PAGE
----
Women in aviation: Realities of the profession
Editor’s note: Lola Reid Allin is a writer, photographer, adventurer and commercial pilot based in Ontario. This is part 4 of a 5-part series by Lola about the under-representation of women in commercial aviation. Click to read part 1, part 2 and part 3.
In the report, “2010 Human Resource Study of the Commercial Pilot in Canada,” prepared for the Canadian Aviation Maintenance Council (now called the Canadian Council for Aviation and Aerospace, CCAA), male and female student pilots and licensed pilots reported that travel opportunities, adventure and prestige not experienced by the larger population had lured them to a career in aviation.
While flying the skies is romantic at face value, downfalls of the profession include exorbitant training costs compared to realized salary; job security; attitude of superiority displayed by captains and employers toward new pilots (male or female); and lifestyle with long hours often with nights away from home.
The successful commercial pilot graduate will have spent a minimum of $16,000 before any aviation company will consider giving her any pilot job. If she has recently received her commercial pilot license and has no other ratings or certificates, her first job will not be with an international airline located in a major metropolis, but perhaps with a small air carrier in an isolated region working long hours for minimal pay.
If, after receiving her commercial license, she chooses to spend a minimum additional $6,500 for a flight instructor rating, she opens the avenue of teaching at a flight school — again working long hours for minimal pay. A Canadian instructor with one to four years of experience earns an hourly average of $25.26, an instructor with five to nine years of experience earns $30/hour, and an experienced, 20-year veteran Class I Instructor, $44/hour.
Even then, she won’t be employable at a regional air carrier until she spends another $7,000 to acquire a multi-engine, instrument flight rating. When she gets at least 1,000 hours of flight experience, preferably with turbine time, acquired over a two-to-10 year period, only then will a major air carrier become interested.
In Canada, a unique four-year program jointly hosted by the University of Waterloo and the Waterloo-Wellington Flight Centre enables successful candidates to graduate with a bachelor of science or bachelor of environmental studies and a commercial license endorsed for multi-engine IFR. An average estimated cost for four years of university tuition is $40,000 plus $80,000 for flight training. First-year classes typically have 35 to 45 students but only a fraction graduate from this joint program. When one successful candidate began her studies in 2014, she was one of eight females in a class of 45 students; two females and 10 males graduated.
Whether you are male or female, if you love to fly and have the right combination of dedication, determination, a university degree or diploma from an aviation college, the required advanced pilot licenses, and have accumulated several hundred hours of flight time, you will likely land an airline job — if airlines are hiring. If your timing is not quite right, be prepared to spend many years instructing and/or flying for regional air carriers, and on wheels, skis, or floats for bush plane operators.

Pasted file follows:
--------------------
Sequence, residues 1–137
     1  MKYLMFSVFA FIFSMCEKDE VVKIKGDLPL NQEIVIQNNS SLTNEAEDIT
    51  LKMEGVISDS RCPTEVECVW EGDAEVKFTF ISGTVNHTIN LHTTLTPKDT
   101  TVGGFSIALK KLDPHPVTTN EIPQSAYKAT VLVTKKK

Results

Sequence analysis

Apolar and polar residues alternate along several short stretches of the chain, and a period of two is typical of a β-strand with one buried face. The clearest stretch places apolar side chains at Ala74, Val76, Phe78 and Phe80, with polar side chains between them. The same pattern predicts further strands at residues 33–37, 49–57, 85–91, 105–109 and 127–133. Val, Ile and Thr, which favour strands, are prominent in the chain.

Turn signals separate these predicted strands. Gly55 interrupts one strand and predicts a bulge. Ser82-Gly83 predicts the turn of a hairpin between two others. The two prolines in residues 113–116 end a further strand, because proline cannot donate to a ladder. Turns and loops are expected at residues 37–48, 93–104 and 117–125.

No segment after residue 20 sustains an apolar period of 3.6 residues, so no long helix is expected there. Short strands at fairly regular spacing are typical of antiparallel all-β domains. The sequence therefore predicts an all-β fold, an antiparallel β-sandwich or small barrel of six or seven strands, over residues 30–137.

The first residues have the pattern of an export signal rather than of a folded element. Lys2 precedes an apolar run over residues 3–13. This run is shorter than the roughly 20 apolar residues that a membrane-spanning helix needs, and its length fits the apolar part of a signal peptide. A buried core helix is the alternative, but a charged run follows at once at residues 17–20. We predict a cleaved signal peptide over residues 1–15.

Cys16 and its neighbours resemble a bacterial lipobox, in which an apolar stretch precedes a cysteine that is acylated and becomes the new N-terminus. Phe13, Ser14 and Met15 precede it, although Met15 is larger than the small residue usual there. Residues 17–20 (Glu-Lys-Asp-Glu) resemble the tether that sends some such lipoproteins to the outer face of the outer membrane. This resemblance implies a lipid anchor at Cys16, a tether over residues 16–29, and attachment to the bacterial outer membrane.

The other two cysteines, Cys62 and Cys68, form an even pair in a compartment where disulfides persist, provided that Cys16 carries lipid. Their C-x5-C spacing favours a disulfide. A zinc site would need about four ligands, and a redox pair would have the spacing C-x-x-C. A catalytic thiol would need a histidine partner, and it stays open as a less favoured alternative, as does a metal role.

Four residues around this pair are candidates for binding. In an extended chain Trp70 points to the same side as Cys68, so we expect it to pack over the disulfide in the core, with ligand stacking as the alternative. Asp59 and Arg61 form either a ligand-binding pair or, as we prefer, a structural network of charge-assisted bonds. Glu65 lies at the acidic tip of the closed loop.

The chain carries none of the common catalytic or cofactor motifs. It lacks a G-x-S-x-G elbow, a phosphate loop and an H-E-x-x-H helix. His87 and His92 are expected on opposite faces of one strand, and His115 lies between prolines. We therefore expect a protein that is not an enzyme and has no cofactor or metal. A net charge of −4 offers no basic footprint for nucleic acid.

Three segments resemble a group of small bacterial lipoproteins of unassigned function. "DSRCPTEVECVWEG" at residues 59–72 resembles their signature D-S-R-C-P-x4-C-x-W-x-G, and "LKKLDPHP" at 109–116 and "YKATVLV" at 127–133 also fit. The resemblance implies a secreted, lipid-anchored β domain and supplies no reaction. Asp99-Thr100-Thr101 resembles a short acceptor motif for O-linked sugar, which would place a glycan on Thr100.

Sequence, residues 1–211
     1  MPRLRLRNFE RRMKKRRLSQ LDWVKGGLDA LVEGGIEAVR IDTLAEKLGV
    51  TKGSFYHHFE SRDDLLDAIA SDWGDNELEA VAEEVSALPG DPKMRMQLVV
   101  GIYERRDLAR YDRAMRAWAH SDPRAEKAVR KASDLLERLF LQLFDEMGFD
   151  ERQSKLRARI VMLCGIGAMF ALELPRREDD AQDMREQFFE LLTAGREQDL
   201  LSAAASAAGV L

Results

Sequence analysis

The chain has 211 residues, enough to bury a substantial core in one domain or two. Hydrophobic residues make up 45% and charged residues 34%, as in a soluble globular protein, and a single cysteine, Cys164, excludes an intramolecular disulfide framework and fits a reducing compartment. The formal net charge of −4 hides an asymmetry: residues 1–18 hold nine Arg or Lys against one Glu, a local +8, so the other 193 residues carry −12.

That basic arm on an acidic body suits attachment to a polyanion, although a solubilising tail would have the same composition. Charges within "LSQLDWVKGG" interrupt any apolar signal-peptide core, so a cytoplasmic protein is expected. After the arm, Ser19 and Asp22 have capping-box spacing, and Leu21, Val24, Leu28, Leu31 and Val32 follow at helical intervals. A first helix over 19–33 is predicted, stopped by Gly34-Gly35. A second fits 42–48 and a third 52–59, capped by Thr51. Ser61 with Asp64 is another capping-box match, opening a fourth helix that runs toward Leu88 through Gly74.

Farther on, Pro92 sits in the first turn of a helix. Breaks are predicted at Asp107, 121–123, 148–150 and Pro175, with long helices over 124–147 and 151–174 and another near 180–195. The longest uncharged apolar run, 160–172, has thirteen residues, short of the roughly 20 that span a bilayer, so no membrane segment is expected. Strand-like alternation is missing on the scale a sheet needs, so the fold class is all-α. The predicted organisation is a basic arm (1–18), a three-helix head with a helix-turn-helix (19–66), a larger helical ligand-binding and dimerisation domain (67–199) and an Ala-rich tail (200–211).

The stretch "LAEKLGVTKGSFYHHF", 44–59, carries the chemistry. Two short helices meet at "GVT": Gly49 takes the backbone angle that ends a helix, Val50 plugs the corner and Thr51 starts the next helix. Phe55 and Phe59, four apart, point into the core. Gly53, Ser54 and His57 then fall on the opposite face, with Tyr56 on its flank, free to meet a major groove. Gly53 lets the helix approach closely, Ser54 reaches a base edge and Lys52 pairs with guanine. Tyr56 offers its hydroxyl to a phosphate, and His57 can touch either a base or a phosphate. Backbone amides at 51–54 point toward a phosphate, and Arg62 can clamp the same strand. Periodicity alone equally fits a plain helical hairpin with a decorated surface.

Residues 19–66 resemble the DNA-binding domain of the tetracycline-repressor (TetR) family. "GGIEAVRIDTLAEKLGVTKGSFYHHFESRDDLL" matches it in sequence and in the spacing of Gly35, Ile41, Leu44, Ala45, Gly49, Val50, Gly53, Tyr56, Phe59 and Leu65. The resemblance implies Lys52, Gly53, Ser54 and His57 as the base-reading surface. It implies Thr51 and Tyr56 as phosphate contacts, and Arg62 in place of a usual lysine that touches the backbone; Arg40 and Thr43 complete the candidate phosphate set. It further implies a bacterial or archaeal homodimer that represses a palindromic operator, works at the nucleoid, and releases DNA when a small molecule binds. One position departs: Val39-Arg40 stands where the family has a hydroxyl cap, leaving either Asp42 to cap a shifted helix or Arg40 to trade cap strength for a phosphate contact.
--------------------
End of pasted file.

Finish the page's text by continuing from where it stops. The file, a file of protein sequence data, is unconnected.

From personal experience during the years I spent in the aviation industry beginning in 1979, an instructor, charter pilot, or regional airline pilot can anticipate a starting salary range between $20,000 to $25,000. For all but the instructing category, you’ll be required to keep an overnight bag ready for action at any time. While your family and friends are asleep, you’ll be begging your rattletrap clunker to respond in bitter -20 C (-4 F) weather, so you can drive to a desolate airport, illuminated by a solitary beacon piercing the night sky, where you and another pilot will prepare for a midnight medevac flight.
The early years in aviation for several of my friends and three of the women who participated in my study for this report mirrored my experience: our jobs were located in remote or isolated areas, did not pay well, and were physically demanding as we doubled as baggage handlers at remote airstrips.
But — wait a minute. These conditions apply to all pilots — not just female pilots.
The current crop of female pilots rejects the idea that the hours and time away from home put women off a career as a commercial pilot. “It’s the same working lifestyle as cabin crew, and we have 15,000 cabin crew, the majority of whom are female,” said British Airways captain Cliodhna Duggan in an article written by Emine Saner for The Guardian.
Saner also interviewed British Airways captain Aoife Duggan, sister of Cliodhna, who had shepherded two interested children onto the flight deck. Captain Duggan was pleased the boy demonstrated interest in aviation but was aghast to hear the six-year-old girl demur, “I think I’d like to be an air hostess. Boys are pilots.” Though face-to-face with an adult female pilot in uniform, seated in the captain’s seat, and enveloped by the flight deck’s bells-and-whistles, social conditioning had created a young girl who couldn’t visualize herself as a pilot.
Captain Dave Thomas, British Airways chief pilot and director of flight training, has determined to change attitudes of pilots and passengers. Until 2011, five per cent of British Airways pilots were female, a percentage consistent worldwide. Since then, the airline has actively recruited women. In 2014, 5.71 per cent of their pilots were female (200 of 3,500); in 2020, 5.86 percent are female (245 of 4,180). Captain Thomas said, “What we’re after is the best person for the job and if we’re only looking at half the population, then we’re clearly missing a trick.”